BongJuice Well-Known Member

    I don't what your paying per kilowatt/hour.
    Let's say your paying .08 cent's per.
    It's gonna get cold up there if there's no heat ducts up there.
    So you'll probably have to have it on all the time
    The average electrical heater uses 1500 watts.
    So now your at .12 cents per hour
    multiplied by 24 hours equals...$2.88/day
    Now multiply $2.88 into 30 days in a month....$86.40

    A filled propane tank usually goes for about $17/tank
    Multiply that by 4 weeks and you get.....$68
    Those propane heaters are way more efficient
    than an electrical heater.
    Doctor Pot

    Doctor Pot Well-Known Member

    I did the math using BTU. Electricity is 3140 BTU/kwh and costs $0.15/kwh. Propane is 93,000 BTU/gallon. One of those 20 lb tanks for barbecue grills holds 4.73 gallons, and costs $20 at the hardware store. Doing the math, and solving for dollars per million BTU yields:

    Propane: $45 / million BTU
    Electricity: $48 / million BTU

    Of course, this assumes 100% efficiency for both, and I'm pretty sure electricity is more efficient. My next step is to see if I can get a better deal on propane anywhere else. $4.22 a gallon seems really steep for propane.

    I looked at a new kerosene heater at Home Depot:

    DuraHeat Convection Kerosene Heater - DH2304 at The Home Depot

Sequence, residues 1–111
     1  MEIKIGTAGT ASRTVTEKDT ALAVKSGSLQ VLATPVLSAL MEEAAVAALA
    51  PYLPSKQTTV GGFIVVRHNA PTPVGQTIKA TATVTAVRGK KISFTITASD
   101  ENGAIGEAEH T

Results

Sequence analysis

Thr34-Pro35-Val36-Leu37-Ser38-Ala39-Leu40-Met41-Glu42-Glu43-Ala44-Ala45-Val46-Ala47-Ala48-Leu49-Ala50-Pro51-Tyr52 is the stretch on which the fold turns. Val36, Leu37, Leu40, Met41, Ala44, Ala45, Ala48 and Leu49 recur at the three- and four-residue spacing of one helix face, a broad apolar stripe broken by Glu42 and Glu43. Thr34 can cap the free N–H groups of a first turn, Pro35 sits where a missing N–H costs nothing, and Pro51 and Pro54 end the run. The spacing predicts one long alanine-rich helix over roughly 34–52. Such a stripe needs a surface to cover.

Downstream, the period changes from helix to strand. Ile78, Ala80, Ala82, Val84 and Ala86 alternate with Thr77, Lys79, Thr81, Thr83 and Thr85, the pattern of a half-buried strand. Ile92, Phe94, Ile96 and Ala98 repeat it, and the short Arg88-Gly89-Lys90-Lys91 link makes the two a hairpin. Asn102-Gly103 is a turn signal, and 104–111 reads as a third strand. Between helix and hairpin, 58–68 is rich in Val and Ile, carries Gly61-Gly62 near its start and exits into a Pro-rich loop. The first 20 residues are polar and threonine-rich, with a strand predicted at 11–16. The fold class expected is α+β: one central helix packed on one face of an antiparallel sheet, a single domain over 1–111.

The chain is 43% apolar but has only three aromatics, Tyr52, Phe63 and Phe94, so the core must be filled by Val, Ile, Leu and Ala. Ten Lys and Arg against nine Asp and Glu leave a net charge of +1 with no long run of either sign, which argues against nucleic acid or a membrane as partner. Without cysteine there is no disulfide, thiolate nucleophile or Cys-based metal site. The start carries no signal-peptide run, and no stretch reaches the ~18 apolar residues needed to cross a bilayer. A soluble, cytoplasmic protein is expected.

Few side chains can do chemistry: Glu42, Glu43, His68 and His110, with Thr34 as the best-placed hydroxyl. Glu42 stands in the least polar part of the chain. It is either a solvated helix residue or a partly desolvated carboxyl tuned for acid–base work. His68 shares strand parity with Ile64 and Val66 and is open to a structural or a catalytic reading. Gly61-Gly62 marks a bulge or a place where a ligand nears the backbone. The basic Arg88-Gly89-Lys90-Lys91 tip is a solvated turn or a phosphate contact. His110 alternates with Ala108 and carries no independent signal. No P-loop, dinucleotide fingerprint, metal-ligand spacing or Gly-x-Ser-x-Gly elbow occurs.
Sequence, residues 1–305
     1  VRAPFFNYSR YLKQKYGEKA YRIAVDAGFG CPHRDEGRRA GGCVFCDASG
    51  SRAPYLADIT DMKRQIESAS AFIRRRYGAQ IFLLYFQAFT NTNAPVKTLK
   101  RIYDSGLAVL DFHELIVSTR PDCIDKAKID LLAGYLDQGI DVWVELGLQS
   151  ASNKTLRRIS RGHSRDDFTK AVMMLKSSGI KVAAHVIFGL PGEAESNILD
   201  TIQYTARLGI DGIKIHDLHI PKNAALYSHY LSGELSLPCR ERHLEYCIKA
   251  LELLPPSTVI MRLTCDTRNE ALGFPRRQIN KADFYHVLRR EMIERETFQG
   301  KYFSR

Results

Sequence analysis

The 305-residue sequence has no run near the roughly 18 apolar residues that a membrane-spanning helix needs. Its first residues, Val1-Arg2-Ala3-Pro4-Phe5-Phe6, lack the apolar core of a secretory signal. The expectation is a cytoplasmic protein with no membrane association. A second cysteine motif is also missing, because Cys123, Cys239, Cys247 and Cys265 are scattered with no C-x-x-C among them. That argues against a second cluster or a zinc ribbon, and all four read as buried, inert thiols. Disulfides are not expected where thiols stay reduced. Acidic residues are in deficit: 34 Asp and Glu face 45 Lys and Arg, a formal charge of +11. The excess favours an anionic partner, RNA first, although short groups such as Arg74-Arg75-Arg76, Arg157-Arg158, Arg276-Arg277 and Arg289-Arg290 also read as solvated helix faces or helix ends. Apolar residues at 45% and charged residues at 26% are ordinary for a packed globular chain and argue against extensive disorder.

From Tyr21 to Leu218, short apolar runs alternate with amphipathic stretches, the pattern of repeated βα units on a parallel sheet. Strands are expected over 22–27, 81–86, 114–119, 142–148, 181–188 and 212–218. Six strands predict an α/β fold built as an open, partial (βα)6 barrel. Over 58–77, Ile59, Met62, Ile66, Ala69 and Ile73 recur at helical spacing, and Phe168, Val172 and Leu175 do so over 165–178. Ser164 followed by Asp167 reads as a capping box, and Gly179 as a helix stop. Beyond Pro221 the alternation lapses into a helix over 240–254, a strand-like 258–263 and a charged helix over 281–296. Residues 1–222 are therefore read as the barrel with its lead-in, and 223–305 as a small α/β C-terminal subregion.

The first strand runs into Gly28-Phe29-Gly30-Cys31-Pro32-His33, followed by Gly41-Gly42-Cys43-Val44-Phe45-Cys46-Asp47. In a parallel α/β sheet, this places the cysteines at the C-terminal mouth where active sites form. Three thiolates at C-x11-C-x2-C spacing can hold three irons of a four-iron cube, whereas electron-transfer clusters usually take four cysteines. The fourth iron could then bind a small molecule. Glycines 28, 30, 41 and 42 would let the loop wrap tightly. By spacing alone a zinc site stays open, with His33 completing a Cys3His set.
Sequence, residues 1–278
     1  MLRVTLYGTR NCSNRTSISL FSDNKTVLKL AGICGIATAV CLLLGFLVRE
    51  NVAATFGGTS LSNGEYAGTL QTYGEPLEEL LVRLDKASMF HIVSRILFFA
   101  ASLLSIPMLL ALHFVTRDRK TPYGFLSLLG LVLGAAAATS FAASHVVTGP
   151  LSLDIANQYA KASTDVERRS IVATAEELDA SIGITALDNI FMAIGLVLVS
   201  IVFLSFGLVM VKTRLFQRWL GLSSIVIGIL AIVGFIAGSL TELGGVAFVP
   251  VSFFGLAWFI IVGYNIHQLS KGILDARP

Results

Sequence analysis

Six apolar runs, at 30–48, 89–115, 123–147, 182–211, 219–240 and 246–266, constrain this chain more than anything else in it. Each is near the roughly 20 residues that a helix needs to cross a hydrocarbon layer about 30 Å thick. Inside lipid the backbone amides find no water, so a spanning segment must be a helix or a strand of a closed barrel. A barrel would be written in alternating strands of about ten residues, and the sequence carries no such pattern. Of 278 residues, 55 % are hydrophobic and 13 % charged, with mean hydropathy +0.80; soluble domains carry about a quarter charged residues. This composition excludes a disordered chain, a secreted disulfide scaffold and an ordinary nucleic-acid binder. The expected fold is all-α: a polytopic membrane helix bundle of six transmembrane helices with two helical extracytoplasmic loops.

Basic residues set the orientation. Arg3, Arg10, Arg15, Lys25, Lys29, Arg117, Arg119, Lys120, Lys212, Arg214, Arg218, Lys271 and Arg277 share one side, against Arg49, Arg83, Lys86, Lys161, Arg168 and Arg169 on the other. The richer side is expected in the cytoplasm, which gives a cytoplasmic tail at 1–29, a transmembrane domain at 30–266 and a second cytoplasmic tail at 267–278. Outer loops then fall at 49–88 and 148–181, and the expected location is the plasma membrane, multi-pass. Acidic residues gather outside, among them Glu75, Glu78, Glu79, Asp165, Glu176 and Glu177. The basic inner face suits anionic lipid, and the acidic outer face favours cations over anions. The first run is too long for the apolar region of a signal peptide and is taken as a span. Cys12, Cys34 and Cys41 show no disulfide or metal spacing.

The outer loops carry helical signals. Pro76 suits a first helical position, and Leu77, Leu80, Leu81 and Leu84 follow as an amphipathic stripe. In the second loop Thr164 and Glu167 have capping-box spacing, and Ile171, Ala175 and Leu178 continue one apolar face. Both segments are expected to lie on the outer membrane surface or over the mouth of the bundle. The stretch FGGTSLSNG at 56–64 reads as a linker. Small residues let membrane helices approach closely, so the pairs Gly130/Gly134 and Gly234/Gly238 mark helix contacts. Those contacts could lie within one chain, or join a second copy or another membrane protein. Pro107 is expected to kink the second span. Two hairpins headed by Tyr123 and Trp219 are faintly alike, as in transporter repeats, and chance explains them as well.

The first review says "Light up save money and enjoy." Perhaps a sign? :mrgreen: The only thing is, it doesn't seem like there is any way to have this thing controlled by a thermostat, which is very important to me. Some of the reviews warn about getting too hot too. My attic isn't that big that it would need to be heated that much.

    AKDrifter Well-Known Member

    I am working an attic grow and my temps are dropping as well. I am using a grow tent and stealing fresh air from the laundry room below. My house is always between 74-79F, with my intake fan on a variable speed controll I can keep track of temps in the tent. it is only 40"x40"x6.5' so this is easy to heat.
    My 600W is cooled seperately and the exhaust from that runs through an insulated duct into my garage/workshop which is insulated. I rigged that today. I figure for the cost of a length of insulated duct ,what the hell maybe it will knock the chill out of my workshop this winter.

    hobo80 Well-Known Member

    I have experienced his before. What I did was keep the door to my attic open, the heat from my house would naturally rise and warm things up. Also, if you're exhausting the heat from your lamp, you could stop doing that and it would be warmer. When you're flowering, keep the lights on during the night, helps with the cold, unless you're worried about the heat signature...

    Therion Well-Known Member

    If you're heating are ceiling vents, get up in the attic and rig you up some of the duct work to blow-off just a bit in your growspot.

    You can get the 8-inch dryer hose and tap into your heating system and run it where you want it. The hoses come in like 10-foot length at lowes and are about $12 a box.

    BongJuice Well-Known Member

    Your gonna do what you feel is best, no matter what we say.
    Trust me dude.....Propane is the safest, cleanest, and most efficient way to heat your grow area in the attic. Other than hooking up heating ducts to the attic.